Meet Our Researchers
Thanks to tools like single-cell technologies, we are generating gargantuan amounts of data about brain cells. For example, one experiment conducted by my lab examined 690,000 cells from nine regions of the adult mouse brain, identified 565 distinct groups of cells, and then compared and contrasted all the cell types across regions of the brain. As you might imagine, this took quite a while! It made me wonder: Could we develop a computational technique that would allow us to analyze brain cell data more rapidly?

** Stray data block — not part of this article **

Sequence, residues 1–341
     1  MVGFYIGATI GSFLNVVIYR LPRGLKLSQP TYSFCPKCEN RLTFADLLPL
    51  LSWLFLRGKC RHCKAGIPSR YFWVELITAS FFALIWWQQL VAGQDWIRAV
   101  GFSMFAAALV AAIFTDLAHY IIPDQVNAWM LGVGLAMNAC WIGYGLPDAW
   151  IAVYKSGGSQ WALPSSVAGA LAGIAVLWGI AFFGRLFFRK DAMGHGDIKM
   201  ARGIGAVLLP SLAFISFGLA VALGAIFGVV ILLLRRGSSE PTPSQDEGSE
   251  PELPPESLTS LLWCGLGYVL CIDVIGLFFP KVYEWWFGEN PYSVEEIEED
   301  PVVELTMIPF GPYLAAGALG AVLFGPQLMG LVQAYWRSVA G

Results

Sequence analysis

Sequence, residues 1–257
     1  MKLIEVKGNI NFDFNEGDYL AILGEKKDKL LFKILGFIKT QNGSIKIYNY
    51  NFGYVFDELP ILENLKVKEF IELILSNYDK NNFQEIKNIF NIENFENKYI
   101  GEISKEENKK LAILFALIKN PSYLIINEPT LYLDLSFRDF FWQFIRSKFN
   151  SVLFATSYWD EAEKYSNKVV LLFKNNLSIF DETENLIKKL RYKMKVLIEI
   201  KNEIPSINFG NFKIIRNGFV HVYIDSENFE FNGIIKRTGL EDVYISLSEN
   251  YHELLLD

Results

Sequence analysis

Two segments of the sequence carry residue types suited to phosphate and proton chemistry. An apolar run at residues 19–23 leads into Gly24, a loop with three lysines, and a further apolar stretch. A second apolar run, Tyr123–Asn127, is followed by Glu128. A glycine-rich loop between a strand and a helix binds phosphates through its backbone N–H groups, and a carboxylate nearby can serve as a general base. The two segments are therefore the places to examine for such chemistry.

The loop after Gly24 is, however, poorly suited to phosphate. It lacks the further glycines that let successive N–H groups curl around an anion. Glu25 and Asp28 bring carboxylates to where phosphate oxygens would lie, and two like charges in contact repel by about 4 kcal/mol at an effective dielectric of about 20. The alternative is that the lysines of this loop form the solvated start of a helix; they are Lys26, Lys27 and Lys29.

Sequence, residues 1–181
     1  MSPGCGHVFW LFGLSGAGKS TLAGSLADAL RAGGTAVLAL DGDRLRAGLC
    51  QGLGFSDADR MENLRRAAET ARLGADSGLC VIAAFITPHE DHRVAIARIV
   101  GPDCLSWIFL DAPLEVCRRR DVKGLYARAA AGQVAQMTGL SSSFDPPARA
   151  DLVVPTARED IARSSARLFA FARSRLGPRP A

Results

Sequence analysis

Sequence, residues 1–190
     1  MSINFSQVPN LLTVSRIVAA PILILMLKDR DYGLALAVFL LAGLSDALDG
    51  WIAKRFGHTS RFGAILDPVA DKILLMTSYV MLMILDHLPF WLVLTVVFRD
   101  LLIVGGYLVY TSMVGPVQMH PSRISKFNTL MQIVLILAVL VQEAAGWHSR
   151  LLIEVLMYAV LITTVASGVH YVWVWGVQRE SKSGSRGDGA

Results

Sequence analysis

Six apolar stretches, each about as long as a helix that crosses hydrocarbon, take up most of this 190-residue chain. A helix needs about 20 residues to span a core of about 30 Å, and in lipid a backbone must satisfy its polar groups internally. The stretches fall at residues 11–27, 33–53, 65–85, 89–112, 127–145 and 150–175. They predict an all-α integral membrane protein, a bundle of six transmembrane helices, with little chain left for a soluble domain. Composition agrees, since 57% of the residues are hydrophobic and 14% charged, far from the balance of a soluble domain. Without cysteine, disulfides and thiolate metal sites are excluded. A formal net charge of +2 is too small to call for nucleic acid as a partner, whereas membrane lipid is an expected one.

Borrowing from the world of pure mathematics, my colleagues and I will use our BroadIgnite award to develop a new data-analysis model that can streamline our efforts to uncover biologically significant representations of brain cell data. This model, which we call a nonlinear dimensionality approach, will employ machine learning. If it works, it could become the basis of a software tool that labs all over the world could use to gain insights into the roles brain cells play in schizophrenia, autism, and Alzheimer’s disease.